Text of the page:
Kiss of Midnight by Lara Adrian


“Jesus,” Dante interjected when the heavy quiet in the vehicle seemed endless. “All this touchy feely is making me itchy to kill something. How about we quit jerking each other off and go blow the roof off this mutha?”
Lara Adrian, Kiss of Midnight


Kiss of Midnight

Lara Adrian

Publication Date: 2007

Publisher: Bantam Books

Ratings on Goodreads: 3.94

Ratings on Amazon: 4.1

Yet another Erotic/Adventure Vampire book has graced my shelf this weekend. Kiss of Midnight has a fast paced plot that keeps the reader hooked until the end. I finished it in a day, although I did have to take a break here and there.

As far as Erotic stories go, this book delivered what was to be expected. It had several interesting plot points, but overall was seemingly pretty predictable.

If I’m being honest, I wish there was more Character Development. Like, a lot more. The characters seemed almost…dry. They said and did all the right things, but there wasn’t much of an emotional spark behind any of it. This could have been due to the amount of time spent in the main Character’s head, but even then the reader was told more than shown how she/he was feeling.

There were times that what the Characters did/said just didn’t seem practical.

There was also very little relationship development within the story. The secondary characters were exactly that; secondary, with even less development than the already lacking main characters.

There were plot holes that nagged at me throughout the story. Even after finishing it I had to ask myself, huh?

But with all that being said, I really did enjoy this book. I haven’t yet decided if I’m going to continue  the series in hopes of the Character Development improving. I most likely will, since I’ve started it, but I wont be able to get through 11 other books without some improvement.

Overall Rating: 3.0

A little less than the average, strictly because I am such a junkie for Character Development and emotional angst. It could have easily been a 4.0 if it weren’t for my personal preferences.


Sequel or Series Continuation? There are 12 total in te Midnight Breed Series. See the below Goodreads link for more information.







Moving Onward

An average of 1 post every 2 months is a good rate, right? Right. *mumbles self-deprecating profanities*

It’s all about priorities. I haven’t been posting, but I have been reading and writing, a lot. It has taken a lot of effort to rewire my priorities, but I’m getting there. I am a very habitual individual- something either needs to be a habit or it isn’t going to get done. Ever.

Next on my priority development list is Dream Eras.

Stay tuned for Book Reviews, Book Rants, Writing Prompts, and other Literature related topics.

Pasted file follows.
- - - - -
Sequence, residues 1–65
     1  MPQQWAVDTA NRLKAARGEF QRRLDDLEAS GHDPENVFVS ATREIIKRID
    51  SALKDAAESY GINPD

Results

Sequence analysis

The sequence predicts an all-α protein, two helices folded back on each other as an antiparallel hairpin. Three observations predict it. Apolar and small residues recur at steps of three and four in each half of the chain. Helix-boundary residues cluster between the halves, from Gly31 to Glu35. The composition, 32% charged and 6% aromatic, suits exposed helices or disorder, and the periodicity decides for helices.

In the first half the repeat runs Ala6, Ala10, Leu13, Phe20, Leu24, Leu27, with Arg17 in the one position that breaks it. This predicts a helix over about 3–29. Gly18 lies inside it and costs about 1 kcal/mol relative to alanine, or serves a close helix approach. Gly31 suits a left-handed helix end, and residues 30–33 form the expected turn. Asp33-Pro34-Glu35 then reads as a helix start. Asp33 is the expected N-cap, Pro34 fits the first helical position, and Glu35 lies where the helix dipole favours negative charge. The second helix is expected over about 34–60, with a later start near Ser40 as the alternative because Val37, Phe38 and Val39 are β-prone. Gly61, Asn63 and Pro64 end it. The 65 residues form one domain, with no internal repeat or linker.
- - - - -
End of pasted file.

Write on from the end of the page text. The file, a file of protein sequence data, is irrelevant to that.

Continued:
Oh, and guys? Camp Nanowrimo is less than a month away. ARE YOU READY!?


Carpe diem,


Book Review: Me Before You


I am a frequent Reader.

By that I mean that it is no stretch for me to have read two or three full-length books in any given weekend. This weekend, in fact, I’ve read four. Each were wonderful pieces of work in their own form.

The last book I lost myself in this weekend (or five hours ago, to be exact) absolutely took my breath away.


Again, I am a frequent Reader. There are very few books that I don’t enjoy, but then again, there are very few books that leave me dumbfounded either.

“Me before you”, by Jojo Moyes, is one of those unexpected treasures I’ll revisit time and time again.

When I first began reading I thought the plot to be artfully simple. I stumbled upon the book after seeing a preview for its upcoming movie adaptation. Based on that 2 minute film roll I assumed it was going to be yet another Point A, Point B, Point C Romance novel.

It wasn’t.

In the 5 hours that it took me to devour this book I went through every emotion possible. I was overjoyed, heartbroken, enraged, and dumbfounded.

There are so many things that I could praise about this book, but the thing that deserves the most recognition is Moyes’ character development (or character arc, as I sometimes refer to it).

Will, the largest secondary character, is a master piece on his own. I can honestly say that this is one of the few times I would BEG for a companion novel to be written strictly from his perspective. It’s Louisa Clark, the main character, that completely has me in awe.

I’ve sat here for entirely too long attempting to summarize her character arc but I can’t seem to do it any justice.